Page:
Usually, I don’t do one because I don’t feel like it.
First of all, I’m just never ready for it. College football starts so early now that on opening day some of the players who’ll be starring in the bowl games haven’t even been born yet.
But mostly, as I grow older and more crotchety, I have less and less patience for college football and its predictability, its same small cast of usual suspects dominating their leagues and the bowl picture. Sure, there’s some switching in and out at the margins every few years, a West Virginia here, a Kansas State there, an Oregon over yonder.
But for the most part, if you were to wake up from several years of suspended animation in July — any July — and someone were to ask you what that season’s top 10 was going to look like, you’d go, “Let’s see, Ohio State, Miami, Florida State, Michigan …”
With the opening weekend in the books, the top 25 teams have gone 19-0. That’s pretty exciting. You may have thought Bowling Green had a pretty good shot against Oklahoma, but I guess not.
Now, I know, I’m not being fair. That running of the table was an anomaly. It rarely happens, even in the first weeks, when our nation’s grid powerhouses are testing their mettle against various flag-football outfits. And in fact there’s even some talk that this weekend represented a positive sign because there weren’t the usual insane blowouts. Smaller-conference teams like Bowling Green and Miami-Ohio and Georgia Southern actually hung in there a little, losing by scores like 48-28 rather than 63-6.
And No. 4 LSU only escaped with a win over Oregon State because the Beavers forgot to bring a kicker to Baton Rouge. Their man, a redshirt freshman, missed three extra points in the 22-21 overtime loss. Not to put too fine a point on this, but his predecessor at Oregon State missed two extra points in his career, in 98 tries.
So normally there’d have been an upset or two. Big deal. College football fans will argue that when there is an upset in the top 25, it really is a big deal, rush-the-field time, excitement city. That’s true, but it’s not enough. For a sport to really cook, the underdog has to have more than a snowball’s chance. Otherwise you’re putting up with too much non-competitiveness just to get that once-in-a-blue-moon upset rush.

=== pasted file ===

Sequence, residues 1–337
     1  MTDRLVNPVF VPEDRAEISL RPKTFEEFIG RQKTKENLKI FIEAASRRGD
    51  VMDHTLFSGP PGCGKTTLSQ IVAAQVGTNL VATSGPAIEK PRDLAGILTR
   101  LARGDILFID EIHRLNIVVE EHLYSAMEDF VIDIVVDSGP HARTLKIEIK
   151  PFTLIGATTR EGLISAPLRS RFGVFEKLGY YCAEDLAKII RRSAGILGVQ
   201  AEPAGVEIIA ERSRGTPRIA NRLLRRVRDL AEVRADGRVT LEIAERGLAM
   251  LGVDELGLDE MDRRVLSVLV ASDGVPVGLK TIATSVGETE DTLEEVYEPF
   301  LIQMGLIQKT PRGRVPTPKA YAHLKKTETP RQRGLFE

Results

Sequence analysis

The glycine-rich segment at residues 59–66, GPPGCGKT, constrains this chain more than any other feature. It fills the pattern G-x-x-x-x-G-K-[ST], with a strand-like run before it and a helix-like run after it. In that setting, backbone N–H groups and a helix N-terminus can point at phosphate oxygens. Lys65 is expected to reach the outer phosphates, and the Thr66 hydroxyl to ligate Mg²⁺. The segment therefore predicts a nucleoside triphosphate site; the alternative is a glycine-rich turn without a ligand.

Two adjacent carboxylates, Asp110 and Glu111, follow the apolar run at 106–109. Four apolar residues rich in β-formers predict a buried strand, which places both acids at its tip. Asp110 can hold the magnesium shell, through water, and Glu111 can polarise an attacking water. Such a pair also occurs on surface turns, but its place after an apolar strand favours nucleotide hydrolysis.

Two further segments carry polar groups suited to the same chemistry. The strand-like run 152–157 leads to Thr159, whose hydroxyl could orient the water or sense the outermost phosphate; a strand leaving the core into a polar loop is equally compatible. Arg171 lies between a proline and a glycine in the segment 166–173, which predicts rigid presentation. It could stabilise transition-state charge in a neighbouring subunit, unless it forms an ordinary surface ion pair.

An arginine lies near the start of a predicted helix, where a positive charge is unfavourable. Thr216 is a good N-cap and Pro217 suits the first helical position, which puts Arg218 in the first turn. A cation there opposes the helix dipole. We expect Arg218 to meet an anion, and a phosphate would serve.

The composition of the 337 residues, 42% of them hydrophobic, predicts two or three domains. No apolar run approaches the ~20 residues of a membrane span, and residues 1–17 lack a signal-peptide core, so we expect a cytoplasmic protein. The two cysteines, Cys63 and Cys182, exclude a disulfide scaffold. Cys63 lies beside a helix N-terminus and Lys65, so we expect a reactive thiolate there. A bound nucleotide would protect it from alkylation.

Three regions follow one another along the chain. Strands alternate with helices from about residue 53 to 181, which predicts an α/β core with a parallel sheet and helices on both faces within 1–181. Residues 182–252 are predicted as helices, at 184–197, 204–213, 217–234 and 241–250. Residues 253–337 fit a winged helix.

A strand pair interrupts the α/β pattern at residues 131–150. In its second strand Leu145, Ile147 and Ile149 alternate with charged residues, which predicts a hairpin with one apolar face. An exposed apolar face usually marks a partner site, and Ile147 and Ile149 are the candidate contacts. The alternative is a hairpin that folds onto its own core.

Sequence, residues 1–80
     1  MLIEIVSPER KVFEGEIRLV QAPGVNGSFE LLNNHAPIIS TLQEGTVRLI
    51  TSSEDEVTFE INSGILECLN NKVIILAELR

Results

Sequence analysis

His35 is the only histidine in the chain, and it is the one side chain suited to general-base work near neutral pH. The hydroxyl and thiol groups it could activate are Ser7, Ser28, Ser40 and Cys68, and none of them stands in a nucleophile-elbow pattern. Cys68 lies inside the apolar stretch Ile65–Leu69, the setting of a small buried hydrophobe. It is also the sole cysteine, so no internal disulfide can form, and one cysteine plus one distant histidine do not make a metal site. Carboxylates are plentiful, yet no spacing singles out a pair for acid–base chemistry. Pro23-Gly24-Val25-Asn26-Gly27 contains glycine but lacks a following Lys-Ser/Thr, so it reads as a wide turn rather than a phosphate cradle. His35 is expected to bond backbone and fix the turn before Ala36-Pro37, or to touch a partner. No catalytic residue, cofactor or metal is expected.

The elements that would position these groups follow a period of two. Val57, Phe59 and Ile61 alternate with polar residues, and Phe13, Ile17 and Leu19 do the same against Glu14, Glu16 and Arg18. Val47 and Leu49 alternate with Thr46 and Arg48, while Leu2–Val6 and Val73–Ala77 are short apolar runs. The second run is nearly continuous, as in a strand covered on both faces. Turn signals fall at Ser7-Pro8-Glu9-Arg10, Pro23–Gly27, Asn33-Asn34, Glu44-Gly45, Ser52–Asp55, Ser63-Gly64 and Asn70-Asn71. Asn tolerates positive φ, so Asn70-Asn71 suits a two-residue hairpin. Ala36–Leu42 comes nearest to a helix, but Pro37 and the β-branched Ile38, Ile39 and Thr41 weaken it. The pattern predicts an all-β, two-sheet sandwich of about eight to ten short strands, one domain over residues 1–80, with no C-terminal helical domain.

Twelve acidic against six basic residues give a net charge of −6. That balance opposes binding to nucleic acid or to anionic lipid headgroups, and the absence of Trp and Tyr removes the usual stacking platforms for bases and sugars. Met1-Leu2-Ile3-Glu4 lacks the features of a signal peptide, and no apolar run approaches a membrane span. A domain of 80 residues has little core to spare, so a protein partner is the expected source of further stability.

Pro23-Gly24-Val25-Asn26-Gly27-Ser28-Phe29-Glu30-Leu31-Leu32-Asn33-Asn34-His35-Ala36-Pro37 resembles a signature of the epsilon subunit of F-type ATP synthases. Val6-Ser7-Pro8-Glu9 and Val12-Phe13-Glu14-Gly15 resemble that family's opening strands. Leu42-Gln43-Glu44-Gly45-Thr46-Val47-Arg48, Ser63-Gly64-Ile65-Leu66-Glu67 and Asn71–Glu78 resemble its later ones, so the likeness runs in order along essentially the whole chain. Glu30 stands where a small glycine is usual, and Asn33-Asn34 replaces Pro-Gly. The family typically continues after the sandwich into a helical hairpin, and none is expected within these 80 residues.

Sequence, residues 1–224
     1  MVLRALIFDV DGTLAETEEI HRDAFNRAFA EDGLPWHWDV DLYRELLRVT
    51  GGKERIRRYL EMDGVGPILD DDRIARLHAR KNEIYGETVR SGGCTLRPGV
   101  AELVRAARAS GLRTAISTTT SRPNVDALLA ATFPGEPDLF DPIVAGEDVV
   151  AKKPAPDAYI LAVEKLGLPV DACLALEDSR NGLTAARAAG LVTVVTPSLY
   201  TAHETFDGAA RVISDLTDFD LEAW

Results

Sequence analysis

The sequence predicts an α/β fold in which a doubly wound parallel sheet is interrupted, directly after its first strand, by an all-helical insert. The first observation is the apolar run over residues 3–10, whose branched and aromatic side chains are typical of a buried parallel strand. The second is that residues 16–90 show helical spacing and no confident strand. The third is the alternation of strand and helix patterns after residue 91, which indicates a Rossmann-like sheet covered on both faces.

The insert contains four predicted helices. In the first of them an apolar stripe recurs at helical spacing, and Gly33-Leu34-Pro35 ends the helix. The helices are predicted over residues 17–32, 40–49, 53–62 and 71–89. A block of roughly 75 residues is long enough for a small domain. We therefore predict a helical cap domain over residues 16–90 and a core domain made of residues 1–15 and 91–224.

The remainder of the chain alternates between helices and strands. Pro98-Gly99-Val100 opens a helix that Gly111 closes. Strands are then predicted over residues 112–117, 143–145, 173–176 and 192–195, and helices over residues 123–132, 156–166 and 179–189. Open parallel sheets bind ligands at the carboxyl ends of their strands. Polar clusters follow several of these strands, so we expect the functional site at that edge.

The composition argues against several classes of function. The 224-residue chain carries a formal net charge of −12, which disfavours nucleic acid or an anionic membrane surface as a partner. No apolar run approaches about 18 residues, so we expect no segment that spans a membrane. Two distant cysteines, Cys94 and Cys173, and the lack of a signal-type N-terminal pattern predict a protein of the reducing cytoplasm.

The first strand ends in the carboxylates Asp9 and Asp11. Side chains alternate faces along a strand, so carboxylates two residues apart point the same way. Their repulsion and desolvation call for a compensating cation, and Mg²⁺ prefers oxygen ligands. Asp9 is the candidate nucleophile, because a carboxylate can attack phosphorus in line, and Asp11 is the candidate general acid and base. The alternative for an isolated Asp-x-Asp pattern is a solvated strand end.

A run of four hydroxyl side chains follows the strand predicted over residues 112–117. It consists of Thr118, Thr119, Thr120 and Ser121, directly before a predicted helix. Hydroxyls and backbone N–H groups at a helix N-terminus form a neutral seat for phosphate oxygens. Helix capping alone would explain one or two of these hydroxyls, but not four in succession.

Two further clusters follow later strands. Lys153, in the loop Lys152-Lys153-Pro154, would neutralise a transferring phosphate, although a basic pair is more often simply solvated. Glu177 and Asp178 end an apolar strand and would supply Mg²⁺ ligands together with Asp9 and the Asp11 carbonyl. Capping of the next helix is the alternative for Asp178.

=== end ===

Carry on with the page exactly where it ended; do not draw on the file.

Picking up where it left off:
I don’t know what that minimal level of competitiveness is, exactly, but I know that the first round of the NBA playoffs are pretty much unwatchable because only one of the four series in each conference is really a contest. The top three seeds lose their series 13.5 percent of the time. Not enough.
If I had to pick a minimum required level of competitiveness, I’d put it at 30 percent. Any competition where one side has less than a three-in-10 chance of winning is not competitive enough to warrant sustained interest.
A college football team that plays .300 ball over a season would finish 3-8. An NFL team would be 5-11. An NBA team would go 25-57, a baseball team would lose 113 games and a college basketball team would finish 9-21. Those would all be bad teams, some worse than others because of the differences in the sports. But they’re all still within the realm of competitiveness, though just barely. Much worse — any worse in some cases — and they wouldn’t be.
So when it’s routine for there to be eight losses among the college football top 25 in a given week, when that’s the minimum we can expect, let me know. Shoot, I’ll settle for seven losses, even though that’s only 28 percent. I’m a big-hearted person.
Until then, I’ll do what a lot of folks do. I’ll follow the alma mater dear, forgetting for a few hours every Saturday (or Thursday, Tuesday, Sunday, etc.) that by doing so I’m supporting a thoroughly corrupt enterprise; I’ll pay attention to those relatively rare games when top teams meet and the outcome is therefore in serious doubt; and I’ll get really interested when the train-wreck of a system supposedly designed to crown a national champion once again jumps the tracks.
In the meantime, I do have a few predictions, just for the hell of it:
1) At least six of the 11 teams in the top 10 in the AP and USA Today polls will end up in the top 10. Those 11 teams are: USC, Oklahoma, Georgia, LSU, Florida State, Miami, Texas, Michigan, Ohio State, West Virginia and Florida.